Bullying and harassment information, advice and helplines
There are a variety of resources available for people affected by bullying or harassment. Many websites and helplines are dedicated to informing, helping and providing practical advice on bullying and harassment.
Tips to help your child if they are being bullied or harassed
Sometimes children don’t want their parents to become involved and are afraid of the consequences if they tell you and the person doing the bullying finds out.
Let your child know that telling you about the bullying or harassment was the right thing to do, that you will take the bullying seriously and that you can help.
Stay calm and positive
It can be upsetting when your child is being bullied. You might need to draw on your own networks to get support for yourself while you are helping your child. Focus on identifying a solution with your child.
You'll need to consider what you know about your child and the details of the situation to make the best decision for your child.
Talk with your child
Find out what has happened, who was involved, where it happened and if anyone else saw, read or heard it.
Discuss strategies with your child and set a short period of time to see if they resolve the situation if they want to deal with the bullying themselves.
Encourage your child:
- to walk away
- try to act unimpressed or unaffected
- to use other strategies to diffuse the situation eg agreeing in an offhand way with the bullying when they say offensive or negative things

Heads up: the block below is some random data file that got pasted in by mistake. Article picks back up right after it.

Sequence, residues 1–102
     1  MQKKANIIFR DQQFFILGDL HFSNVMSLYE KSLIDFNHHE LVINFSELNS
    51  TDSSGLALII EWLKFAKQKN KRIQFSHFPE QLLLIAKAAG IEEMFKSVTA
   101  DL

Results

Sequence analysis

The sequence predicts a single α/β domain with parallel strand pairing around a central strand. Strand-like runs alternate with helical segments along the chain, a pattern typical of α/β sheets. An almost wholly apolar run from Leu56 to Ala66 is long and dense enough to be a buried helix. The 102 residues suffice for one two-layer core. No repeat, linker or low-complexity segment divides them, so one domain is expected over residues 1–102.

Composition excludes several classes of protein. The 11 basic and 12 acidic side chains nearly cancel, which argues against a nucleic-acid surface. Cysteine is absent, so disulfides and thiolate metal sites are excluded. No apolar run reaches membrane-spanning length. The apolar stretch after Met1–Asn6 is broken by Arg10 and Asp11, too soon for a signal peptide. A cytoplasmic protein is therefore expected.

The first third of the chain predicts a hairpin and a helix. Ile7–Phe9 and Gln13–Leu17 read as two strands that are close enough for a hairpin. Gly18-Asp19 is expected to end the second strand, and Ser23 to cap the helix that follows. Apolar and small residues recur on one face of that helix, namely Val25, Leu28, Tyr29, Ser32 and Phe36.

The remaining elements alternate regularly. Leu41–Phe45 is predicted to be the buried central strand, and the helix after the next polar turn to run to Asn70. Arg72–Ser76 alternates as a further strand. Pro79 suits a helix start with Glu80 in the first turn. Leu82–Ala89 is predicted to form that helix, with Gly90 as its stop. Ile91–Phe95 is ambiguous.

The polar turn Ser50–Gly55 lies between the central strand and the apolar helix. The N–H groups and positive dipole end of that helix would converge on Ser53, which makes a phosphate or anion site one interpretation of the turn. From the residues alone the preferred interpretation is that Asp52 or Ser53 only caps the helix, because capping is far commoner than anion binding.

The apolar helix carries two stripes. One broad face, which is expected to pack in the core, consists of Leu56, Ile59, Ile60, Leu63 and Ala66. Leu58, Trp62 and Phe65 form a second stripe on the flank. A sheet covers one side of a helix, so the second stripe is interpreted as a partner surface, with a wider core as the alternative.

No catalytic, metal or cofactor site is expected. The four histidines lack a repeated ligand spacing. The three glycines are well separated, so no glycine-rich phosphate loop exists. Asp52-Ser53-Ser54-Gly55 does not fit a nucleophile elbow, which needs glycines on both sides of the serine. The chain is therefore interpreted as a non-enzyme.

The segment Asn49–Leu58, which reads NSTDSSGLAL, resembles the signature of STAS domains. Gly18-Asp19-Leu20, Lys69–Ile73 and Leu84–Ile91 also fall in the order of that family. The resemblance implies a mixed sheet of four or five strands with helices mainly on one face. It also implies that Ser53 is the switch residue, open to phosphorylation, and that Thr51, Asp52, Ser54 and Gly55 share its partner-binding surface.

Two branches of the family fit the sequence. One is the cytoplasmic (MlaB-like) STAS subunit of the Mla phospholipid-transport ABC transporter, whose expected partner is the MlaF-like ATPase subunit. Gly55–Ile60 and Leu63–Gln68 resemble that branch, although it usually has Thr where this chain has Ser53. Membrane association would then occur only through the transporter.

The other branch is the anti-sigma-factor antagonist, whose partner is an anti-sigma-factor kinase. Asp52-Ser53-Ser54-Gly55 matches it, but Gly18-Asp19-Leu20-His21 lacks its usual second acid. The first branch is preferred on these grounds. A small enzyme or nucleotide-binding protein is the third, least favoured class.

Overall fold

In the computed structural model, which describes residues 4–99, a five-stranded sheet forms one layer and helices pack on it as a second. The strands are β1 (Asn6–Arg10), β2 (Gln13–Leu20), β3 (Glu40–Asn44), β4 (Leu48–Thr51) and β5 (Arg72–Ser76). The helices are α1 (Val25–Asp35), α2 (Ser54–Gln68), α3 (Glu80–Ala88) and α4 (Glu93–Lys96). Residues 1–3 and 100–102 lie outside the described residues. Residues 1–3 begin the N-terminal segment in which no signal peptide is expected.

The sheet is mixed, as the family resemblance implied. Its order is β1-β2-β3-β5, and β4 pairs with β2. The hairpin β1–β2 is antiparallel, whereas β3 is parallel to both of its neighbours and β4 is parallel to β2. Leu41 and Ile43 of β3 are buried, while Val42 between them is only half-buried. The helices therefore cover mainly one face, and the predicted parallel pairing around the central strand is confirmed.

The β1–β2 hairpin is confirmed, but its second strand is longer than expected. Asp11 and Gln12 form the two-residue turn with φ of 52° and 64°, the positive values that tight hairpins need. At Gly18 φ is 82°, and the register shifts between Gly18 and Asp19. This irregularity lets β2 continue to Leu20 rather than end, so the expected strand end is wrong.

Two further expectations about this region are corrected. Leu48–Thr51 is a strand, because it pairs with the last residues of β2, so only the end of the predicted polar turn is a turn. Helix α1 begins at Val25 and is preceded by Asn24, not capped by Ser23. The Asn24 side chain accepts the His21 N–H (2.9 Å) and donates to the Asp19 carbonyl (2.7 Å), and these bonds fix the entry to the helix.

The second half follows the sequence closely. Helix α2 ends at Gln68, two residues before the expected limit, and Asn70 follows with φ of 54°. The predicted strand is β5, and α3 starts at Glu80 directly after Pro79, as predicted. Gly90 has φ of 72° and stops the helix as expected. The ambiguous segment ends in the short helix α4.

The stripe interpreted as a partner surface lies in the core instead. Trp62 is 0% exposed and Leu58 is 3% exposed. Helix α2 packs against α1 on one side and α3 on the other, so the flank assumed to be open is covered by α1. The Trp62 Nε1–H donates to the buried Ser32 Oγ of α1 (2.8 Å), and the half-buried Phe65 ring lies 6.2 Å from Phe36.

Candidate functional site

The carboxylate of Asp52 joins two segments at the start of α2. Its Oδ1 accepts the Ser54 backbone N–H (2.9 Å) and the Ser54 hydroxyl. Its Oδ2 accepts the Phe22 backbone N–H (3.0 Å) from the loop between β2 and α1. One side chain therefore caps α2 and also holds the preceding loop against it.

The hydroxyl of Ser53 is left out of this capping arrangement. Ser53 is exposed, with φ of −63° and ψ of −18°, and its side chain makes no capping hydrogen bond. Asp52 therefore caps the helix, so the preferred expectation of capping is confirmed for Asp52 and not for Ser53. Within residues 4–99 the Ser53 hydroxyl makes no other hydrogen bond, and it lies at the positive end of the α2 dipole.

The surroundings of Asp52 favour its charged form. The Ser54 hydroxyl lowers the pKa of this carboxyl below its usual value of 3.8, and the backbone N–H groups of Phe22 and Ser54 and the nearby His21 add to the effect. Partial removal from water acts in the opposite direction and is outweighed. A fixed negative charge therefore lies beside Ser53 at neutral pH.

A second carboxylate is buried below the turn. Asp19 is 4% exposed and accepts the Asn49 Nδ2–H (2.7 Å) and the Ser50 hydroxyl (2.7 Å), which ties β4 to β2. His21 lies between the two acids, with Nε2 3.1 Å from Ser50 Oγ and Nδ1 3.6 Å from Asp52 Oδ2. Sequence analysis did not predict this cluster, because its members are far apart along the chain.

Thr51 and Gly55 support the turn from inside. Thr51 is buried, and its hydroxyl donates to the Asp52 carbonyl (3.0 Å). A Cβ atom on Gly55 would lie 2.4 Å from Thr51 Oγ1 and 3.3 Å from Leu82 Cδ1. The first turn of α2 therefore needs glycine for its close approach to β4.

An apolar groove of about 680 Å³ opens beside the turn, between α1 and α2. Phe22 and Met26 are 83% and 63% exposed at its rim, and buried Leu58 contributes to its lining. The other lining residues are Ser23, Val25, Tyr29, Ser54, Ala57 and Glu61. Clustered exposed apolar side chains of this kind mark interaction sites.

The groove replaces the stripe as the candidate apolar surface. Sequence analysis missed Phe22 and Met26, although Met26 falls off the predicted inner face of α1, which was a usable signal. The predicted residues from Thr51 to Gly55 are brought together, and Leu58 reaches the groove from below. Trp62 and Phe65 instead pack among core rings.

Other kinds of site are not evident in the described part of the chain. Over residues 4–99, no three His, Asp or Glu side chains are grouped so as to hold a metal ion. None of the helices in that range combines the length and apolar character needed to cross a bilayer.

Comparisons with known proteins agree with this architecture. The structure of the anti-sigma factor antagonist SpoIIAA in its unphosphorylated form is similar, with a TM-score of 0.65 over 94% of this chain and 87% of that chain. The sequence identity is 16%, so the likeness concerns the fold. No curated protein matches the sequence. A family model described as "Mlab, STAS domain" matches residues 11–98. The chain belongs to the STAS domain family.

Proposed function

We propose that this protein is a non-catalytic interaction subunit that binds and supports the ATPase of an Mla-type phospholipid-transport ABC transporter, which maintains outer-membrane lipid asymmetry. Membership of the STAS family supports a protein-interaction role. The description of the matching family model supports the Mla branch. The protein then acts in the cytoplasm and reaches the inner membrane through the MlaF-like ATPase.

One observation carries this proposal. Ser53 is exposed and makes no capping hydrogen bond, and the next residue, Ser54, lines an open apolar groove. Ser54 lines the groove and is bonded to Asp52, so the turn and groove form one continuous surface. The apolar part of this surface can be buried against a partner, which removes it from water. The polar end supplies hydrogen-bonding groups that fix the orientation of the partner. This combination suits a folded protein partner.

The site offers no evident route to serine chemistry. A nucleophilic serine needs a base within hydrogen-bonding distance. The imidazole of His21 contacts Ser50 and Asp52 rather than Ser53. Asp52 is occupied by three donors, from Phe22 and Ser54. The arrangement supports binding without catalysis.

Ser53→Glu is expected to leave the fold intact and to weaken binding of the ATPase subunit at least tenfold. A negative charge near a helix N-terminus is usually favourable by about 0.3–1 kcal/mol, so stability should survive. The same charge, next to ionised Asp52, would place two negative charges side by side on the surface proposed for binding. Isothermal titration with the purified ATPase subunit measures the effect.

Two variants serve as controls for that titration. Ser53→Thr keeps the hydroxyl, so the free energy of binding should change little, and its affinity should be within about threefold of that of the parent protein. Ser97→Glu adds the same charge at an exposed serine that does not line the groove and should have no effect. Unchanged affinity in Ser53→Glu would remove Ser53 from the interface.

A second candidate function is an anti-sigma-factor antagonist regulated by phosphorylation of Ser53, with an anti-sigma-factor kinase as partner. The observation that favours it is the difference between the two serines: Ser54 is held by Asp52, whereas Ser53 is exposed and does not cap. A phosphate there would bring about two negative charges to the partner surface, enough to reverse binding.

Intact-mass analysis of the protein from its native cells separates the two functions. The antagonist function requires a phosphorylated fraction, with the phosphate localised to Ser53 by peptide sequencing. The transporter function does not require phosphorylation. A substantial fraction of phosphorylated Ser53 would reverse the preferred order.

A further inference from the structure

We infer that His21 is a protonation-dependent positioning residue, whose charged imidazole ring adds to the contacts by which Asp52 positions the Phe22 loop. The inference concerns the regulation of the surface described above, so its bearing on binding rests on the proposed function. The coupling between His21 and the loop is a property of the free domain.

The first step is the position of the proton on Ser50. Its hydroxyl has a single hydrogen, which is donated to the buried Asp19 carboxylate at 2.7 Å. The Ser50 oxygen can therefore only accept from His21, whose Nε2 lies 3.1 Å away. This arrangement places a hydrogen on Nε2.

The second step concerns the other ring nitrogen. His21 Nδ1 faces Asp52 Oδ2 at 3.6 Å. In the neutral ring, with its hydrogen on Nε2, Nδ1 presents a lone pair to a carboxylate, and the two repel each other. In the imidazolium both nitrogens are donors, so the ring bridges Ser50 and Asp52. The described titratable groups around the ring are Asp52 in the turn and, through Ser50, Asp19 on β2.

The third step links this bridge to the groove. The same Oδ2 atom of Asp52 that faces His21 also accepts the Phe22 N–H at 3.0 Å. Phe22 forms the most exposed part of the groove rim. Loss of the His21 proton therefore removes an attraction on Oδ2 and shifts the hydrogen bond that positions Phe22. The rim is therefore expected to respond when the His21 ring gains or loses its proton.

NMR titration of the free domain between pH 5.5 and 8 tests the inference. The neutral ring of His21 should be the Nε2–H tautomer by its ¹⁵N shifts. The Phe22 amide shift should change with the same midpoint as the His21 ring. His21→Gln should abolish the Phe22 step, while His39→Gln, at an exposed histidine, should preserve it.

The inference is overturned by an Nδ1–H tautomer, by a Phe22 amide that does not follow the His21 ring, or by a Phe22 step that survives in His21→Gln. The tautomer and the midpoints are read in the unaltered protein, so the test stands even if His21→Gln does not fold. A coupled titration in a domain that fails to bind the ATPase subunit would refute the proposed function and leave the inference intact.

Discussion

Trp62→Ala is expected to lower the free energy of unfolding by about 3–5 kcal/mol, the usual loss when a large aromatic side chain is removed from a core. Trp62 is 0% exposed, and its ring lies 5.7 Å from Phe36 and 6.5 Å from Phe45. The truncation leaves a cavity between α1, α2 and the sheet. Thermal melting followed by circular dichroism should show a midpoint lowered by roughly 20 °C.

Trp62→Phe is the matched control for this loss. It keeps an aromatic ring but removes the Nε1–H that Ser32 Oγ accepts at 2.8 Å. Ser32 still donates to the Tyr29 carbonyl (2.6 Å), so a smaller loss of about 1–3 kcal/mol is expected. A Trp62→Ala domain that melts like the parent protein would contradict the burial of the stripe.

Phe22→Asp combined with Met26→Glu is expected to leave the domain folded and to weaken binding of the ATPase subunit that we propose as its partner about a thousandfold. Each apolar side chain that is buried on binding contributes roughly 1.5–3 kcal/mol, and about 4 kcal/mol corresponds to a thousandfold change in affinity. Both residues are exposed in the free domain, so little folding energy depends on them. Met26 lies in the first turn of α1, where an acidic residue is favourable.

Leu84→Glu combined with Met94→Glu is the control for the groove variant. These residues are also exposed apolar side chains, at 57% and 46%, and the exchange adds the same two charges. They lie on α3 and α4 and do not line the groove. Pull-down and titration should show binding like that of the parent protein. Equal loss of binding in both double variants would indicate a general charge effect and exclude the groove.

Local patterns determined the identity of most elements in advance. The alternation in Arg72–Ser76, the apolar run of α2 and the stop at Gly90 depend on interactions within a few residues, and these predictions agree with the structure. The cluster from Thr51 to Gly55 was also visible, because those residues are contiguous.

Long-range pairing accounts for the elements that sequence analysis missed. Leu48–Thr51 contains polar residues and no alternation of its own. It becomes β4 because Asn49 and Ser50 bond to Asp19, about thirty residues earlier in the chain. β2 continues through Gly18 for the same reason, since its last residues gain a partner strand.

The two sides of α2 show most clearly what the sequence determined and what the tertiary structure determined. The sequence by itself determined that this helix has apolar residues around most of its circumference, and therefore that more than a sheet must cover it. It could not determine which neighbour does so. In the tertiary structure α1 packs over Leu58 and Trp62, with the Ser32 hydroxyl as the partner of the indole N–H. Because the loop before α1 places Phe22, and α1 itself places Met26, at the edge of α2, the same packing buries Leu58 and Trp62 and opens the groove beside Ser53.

- to say ‘No!’ firmly
- to talk to the teacher or other staff, eg school counsellor.
If the bullying continues or increases, contact the school.
These steps are also useful if you think that your child:
- has been involved in bullying or harassment of others
- as a bystander, maybe affected by bullying or harassment of others
- as a bystander, has information and is concerned about other students being bullied.
Online help and information
These websites offer help, information and advice about bullying and cyber bullying.
Bullying. No Way! is designed to provide parents and children with access to information about bullying, harassment, discrimination and violence in schools. It contains a mix of games, art, stories, forums, advice and facts about bullying, including cyber bullying.
SHineSA (Sexual health information networking and education) provides information for young people about sexual health. It also offers a range of services and resources for the community.
Equal opportunity 4 schools lists information for students and teachers about discrimination, bullying and sexual harassment.
The Line aims to increase young people’s knowledge about respectful relationships, including communication, trust and consideration for others in developing and maintaining healthy relationships.
The National Safe Schools Framework website provides information and advice for parents, such as factors to consider when buying a mobile phone for your child.
Office of the Children's eSafety Commissioner protects Australian children when they experience cyberbullying by administering a complaints scheme and deals with complaints about prohibited online content.
National Centre Against Bullying gives examples of different types of bullying. You will find advice about cyber-safety and what to do if you know someone is being bullied.
Stay Smart Online is the Australian government's cyber security website, providing information on steps users can take to protect themselves online.
Online Safety an online publication by the Australian Institute of Family Studies, details resources available for parents on online safety.
The following help lines provide support and advice about how to report bullying and harassment.
Cybersafety contact centre
Phone: 1800 880 176 (free call)
Bullying and harassment power wheel - National Center on Domestic and Sexual Violence (USA)
Children and Young People (Safety) Act 2017 - South Australian Legislation